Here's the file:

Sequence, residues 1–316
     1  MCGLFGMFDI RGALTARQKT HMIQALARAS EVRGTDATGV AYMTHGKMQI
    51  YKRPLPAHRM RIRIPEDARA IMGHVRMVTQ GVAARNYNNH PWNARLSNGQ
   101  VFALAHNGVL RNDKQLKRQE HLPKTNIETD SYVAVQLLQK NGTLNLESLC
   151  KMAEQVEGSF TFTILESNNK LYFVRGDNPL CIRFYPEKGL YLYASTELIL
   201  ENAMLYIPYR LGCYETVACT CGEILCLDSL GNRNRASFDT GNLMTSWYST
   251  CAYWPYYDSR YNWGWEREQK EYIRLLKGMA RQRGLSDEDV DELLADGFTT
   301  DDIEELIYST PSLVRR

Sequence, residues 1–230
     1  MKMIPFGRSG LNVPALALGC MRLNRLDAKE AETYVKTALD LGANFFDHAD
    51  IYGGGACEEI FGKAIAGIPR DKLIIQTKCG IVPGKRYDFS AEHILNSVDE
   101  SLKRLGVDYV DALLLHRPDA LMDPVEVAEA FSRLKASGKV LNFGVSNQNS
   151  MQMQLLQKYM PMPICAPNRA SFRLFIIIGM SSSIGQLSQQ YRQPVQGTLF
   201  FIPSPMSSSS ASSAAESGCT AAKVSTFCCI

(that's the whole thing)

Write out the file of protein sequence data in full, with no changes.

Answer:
Sequence, residues 1–316
     1  MCGLFGMFDI RGALTARQKT HMIQALARAS EVRGTDATGV AYMTHGKMQI
    51  YKRPLPAHRM RIRIPEDARA IMGHVRMVTQ GVAARNYNNH PWNARLSNGQ
   101  VFALAHNGVL RNDKQLKRQE HLPKTNIETD SYVAVQLLQK NGTLNLESLC
   151  KMAEQVEGSF TFTILESNNK LYFVRGDNPL CIRFYPEKGL YLYASTELIL
   201  ENAMLYIPYR LGCYETVACT CGEILCLDSL GNRNRASFDT GNLMTSWYST
   251  CAYWPYYDSR YNWGWEREQK EYIRLLKGMA RQRGLSDEDV DELLADGFTT
   301  DDIEELIYST PSLVRR

Sequence, residues 1–230
     1  MKMIPFGRSG LNVPALALGC MRLNRLDAKE AETYVKTALD LGANFFDHAD
    51  IYGGGACEEI FGKAIAGIPR DKLIIQTKCG IVPGKRYDFS AEHILNSVDE
   101  SLKRLGVDYV DALLLHRPDA LMDPVEVAEA FSRLKASGKV LNFGVSNQNS
   151  MQMQLLQKYM PMPICAPNRA SFRLFIIIGM SSSIGQLSQQ YRQPVQGTLF
   201  FIPSPMSSSS ASSAAESGCT AAKVSTFCCI